1. Cathy, you won’t have any problem finding ajvar anywhere in the Balkans. Ajvar, crusty bread, and a bit of meat and cheese makes a great meal or picnic. Start with medium and if that’s too mild go to hot – but it’s all good. ~James

    1. Laura, this photo was taken just outside the old city walls of Kotor, Montenegro. Given the fabulous state of preservation of this beautiful Medieval town, the presence of the shark was a surprise. It was tethered on a long rope and just blew around the canal. How it got there, I have no idea. I wondered if someone would comment. ~James

    1. Lexie, I’m gad to hear that I was responsible for upping your heartburn quotient. I love this stuff and it’s amazing how many times I have it for breakfast: Ajvar – breakfast of champions! ~ James

  4. Ajvar looks & sounds delicious although I would most likely stick to the milder version as I am not a lover hot & spicy. Looking forward to reading about your labour of love!

    1. Yes, it really is a massive plastic shark Alison, and just outside the walls of the wonderfully restored Medieval city of Kotor, Montenegro. Somebody has a strange sense of humor. ~ James

  5. It is surprising how the foods of other cultures infiltrates ones cooking. We have a lot of ethnic food stores here (Canada) and it’s a real delight to try something new to us.

    1. Leslie, we visit just about every ethnic grocery store that we pass, and we always leave with a few new things to try. Our favorites in our town are Indian and Mediterranean. The Indian grocer has fresh, hot samosas under a heat lamp right by the checkout … and I usually finish mine in the parking lot. ~ James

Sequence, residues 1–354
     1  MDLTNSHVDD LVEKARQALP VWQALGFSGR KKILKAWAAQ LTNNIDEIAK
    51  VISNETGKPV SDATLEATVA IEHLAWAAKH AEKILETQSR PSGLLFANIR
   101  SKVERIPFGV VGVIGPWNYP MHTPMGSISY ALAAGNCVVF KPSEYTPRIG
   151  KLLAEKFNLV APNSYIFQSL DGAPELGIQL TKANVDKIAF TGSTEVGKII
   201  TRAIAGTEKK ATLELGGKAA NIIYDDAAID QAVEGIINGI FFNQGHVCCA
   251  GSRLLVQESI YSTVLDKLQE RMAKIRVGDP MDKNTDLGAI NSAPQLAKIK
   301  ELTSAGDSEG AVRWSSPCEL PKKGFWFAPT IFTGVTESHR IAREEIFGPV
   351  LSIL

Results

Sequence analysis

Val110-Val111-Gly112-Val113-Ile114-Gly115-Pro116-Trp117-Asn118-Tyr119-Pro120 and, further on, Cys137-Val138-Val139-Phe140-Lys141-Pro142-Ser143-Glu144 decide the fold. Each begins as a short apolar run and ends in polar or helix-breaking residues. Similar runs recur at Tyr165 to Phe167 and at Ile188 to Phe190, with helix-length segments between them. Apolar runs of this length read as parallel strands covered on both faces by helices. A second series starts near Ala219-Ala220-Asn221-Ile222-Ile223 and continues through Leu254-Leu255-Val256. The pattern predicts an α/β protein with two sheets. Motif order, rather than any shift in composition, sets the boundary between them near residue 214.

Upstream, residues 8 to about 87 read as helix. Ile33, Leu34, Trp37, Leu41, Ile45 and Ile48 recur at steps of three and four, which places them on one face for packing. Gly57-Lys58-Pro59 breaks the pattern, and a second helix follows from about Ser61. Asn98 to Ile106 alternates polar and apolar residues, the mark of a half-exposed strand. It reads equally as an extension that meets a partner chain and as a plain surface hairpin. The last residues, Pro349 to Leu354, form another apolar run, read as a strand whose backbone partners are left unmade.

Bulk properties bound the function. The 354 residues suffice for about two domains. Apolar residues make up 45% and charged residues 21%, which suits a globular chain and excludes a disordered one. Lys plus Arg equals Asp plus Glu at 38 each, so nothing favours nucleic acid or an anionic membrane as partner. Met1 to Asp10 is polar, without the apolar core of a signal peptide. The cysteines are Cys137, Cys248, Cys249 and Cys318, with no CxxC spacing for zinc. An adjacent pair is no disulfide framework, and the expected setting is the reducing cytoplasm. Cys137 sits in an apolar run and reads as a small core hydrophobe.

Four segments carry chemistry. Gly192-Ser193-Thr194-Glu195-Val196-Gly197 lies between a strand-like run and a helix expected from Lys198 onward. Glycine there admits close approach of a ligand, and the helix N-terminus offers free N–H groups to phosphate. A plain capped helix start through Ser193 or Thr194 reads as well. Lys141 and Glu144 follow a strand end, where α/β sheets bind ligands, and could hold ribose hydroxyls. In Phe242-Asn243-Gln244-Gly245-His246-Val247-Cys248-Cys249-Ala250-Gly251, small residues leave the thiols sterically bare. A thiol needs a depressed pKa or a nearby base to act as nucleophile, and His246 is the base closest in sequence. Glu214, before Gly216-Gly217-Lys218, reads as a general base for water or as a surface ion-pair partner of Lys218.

1. I have a great recipe for that. I use a philo pastry instead of a heavy one that is often used. They are to die for!

  6. Those golden colors and pops of red in your photos are amazing! I agree that, while eating out is fun when traveling, it gets old and awfully expensive too. Visiting the grocery stores is one of our favorite things to do in a new country and figuring out how to use unfamiliar foods can quickly turn into a guessing game a lot of times. Looking forward to your recipe as we have some lovely red, yellow and green bell peppers that are very inexpensive here in our part of Portugal. Yum! Anita

    1. We are totally simpatico Anita. We’re in Salamanca, Spain and today’s trip to the supermercado yielded a wedge of wonderful Spanish blue cheese, some perfect (and cheap) Spanish strawberries, multigrain baguettes, tasty mushroom soup, and a €2 bottle of red wine … and chocolate digestives. Livin’ large is what we’re doin’. ~ James

  7. Ajvar sounds like something I would love. I think it would taste good slathered on a Spanish tortilla!! Stuffed peppers are one of my favourite things to eat. What did they stuff it with?

    1. Darlene, ajvar will probably be hard to find in Spain, but I wonder if there’s a local equivalent? The peppers we had in Montenegro were stuffed with some sort of ground meat mixture, but it was loaded with herbs which we couldn’t identify, but were delicious.

      1. We were just in Spain, and it was interesting to see all the different versions of salsa. In the US we pretty much just get the Mexican version. There are also some fruit versions (e.g. Mango) that aren’t to my taste. James

  8. Looks amazing. I was always amused by the tangle of Cyrillic letters and pronunciation in that part of the world. I think in Ukraine a similar concoction is called adjlika – delicious. Hope we’ll get a recipe 🙂

    1. I agree Susan. We carried a Cyrillic cheat sheet that had the alphabet. Most things we could figure out from pictures and context, but we took a number of trains and buses and we certainly didn’t want to get on the wrong bus. ~James

    1. Rusha, if you like spicy relishes, ajvar is for you. There’s probably a Middle Eastern market somewhere in your area that might have it. It really is tasty. ~James

  9. Love this colorful post! Ajvar looks extremely delicious and I look forward to seeing how you make it. Could be something I would like to try in Mexico – there is certainly a variety of peppers (though many of them are dried).

    1. Marilyn, I’m sure you can pull it together there. I’m not sure that dried peppers would work, but it might be worth a try if you can’t find fresh. Good luck. ~ James

What do you think? We'd love to know!

Fill in your details below or click an icon to log in:

WordPress.com Logo

You are commenting using your WordPress.com account. Log Out /  Change )

Twitter picture

You are commenting using your Twitter account. Log Out /  Change )

Facebook photo

You are commenting using your Facebook account. Log Out /  Change )

Connecting to %s